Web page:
CPAN December Case of the Month
Each month, PCPs call CPAN with a wide variety of mental health questions. Find out how CPAN helped a pediatrician with their 6-year-old patient with ADHD.
Patient: 6-year-old with ADHD combined presentation.
Reason for CPAN consultation: Medication for ADHD with worsening behavioral dyscontrol.
This patient had been treated with Ritalin 10 mg at AM and noon with some success for attention, concentration, and school functioning. The concern is recent exacerbation of irritability, defiance, and aggressive behavior, mainly at home. When calm, he can reflect on his behavior, but says “I’m a bad boy.” No acute changes in child’s or family’s life were reported.
The CPAN consultant and pediatrician discussed the most common reasons for the current issues.
(1) The behaviors reported are highly associated with ADHD and typically respond to stimulant therapy. Methylphenidate, however, has a short half-life so bid administration of Ritalin is unlikely to provide much benefit for after-school behavior.
(2) Increased irritability and dysphoria can also accompany stimulant treatment. While usually appearing with higher doses, young children may be more susceptible to them at lower doses. They are also more sensitive to the steep ups and downs in drug concentration that occur with the immediate-release stimulant preparations, so this type of “rebound” effect after school might occur.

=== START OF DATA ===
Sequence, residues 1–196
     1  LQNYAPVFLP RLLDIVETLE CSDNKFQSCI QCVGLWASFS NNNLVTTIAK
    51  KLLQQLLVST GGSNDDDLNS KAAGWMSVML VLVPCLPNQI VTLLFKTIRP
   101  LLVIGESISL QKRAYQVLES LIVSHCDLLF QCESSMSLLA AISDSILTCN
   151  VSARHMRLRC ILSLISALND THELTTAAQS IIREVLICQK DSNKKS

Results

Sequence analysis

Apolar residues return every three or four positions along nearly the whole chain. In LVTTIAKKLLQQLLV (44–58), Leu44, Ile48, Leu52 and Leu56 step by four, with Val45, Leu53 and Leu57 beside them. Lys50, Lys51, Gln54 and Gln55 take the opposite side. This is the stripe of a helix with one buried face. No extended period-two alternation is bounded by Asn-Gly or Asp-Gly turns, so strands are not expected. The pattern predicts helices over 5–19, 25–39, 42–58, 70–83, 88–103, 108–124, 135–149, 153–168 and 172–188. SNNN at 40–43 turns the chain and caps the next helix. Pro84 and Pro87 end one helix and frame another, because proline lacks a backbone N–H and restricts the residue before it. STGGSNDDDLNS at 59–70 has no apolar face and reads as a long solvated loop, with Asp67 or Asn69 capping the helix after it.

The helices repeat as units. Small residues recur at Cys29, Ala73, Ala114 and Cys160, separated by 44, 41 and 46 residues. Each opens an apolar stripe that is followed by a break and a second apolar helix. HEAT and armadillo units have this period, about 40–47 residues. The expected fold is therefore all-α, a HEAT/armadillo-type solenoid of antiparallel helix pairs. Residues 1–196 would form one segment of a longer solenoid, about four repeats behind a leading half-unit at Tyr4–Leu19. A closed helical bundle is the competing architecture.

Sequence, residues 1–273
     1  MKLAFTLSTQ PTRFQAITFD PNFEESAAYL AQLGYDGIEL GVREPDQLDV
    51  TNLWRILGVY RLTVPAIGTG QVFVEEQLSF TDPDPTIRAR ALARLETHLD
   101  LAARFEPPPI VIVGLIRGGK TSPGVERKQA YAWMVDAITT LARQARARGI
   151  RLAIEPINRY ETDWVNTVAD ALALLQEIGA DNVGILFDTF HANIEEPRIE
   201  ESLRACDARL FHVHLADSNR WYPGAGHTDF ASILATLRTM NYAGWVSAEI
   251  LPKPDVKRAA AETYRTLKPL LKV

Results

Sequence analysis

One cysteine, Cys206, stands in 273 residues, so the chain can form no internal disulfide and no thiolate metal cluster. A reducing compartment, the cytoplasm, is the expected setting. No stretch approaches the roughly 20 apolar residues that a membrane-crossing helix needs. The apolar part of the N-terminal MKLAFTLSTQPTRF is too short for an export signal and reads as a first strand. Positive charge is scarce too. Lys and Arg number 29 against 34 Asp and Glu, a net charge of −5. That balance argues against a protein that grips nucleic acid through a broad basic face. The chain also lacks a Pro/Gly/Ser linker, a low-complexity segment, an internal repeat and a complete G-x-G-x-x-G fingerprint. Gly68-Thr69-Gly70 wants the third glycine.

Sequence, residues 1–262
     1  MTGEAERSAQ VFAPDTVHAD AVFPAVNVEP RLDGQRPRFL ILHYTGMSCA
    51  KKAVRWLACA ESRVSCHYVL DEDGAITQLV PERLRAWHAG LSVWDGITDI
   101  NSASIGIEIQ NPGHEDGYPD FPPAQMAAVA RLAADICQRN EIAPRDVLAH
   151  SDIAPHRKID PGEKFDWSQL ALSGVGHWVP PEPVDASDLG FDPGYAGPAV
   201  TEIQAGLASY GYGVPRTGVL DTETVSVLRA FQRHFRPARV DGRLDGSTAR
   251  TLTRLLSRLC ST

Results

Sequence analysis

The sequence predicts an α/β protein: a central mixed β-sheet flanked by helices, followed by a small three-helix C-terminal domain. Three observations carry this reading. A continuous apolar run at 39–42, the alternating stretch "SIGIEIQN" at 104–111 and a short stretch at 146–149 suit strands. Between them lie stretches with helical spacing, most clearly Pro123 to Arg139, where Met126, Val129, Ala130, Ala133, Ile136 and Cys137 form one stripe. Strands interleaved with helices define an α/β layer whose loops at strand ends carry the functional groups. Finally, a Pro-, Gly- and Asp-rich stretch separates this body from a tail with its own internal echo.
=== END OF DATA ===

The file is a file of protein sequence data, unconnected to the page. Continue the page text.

(3) The favorable response during school hours suggests that the dose, when it is at peak, may be adequate, but there is also room to increase dose if we were confident that he was not getting “affective toxicity” from the medication.
(4) It is possible the child was developing a mood disorder, for which ADHD/ODD dose pose increased risk.
Youngsters with impaired self-control and emotion regulation are often better served with full-day coverage with stimulant treatment, for which extended-release products are better suited. Therefore, the first suggestion was to switch to a long-acting methylphenidate formulation. The dose chosen (27 mg of OROS-methylphenidate) will result in a slightly lower amount of medication during school hours but will help to clarify if the current 10 mg bid dose was too high. After 1-2 weeks, if it is well tolerated and there’s room for improvement, the dose would increase to a 36 mg capsule in the morning. Following these first steps, re-evaluate for mood symptoms and overall response of ADHD and behavioral difficulties. Augmentation strategies or a switch to an amphetamine-based product would be considered if attempts to optimize methylphenidate were unsatisfactory.
Take home point:
Long-acting stimulant preparations are generally preferred for patients with impairments that last nearly all day. There are some insurance carriers that will not approve them, however. In that case, it is usually worthwhile to attempt an appeal to get authorization for extended-release products. Since treatment remains a trial-and-error process, CPAN consultants are always available to help plan further steps for management.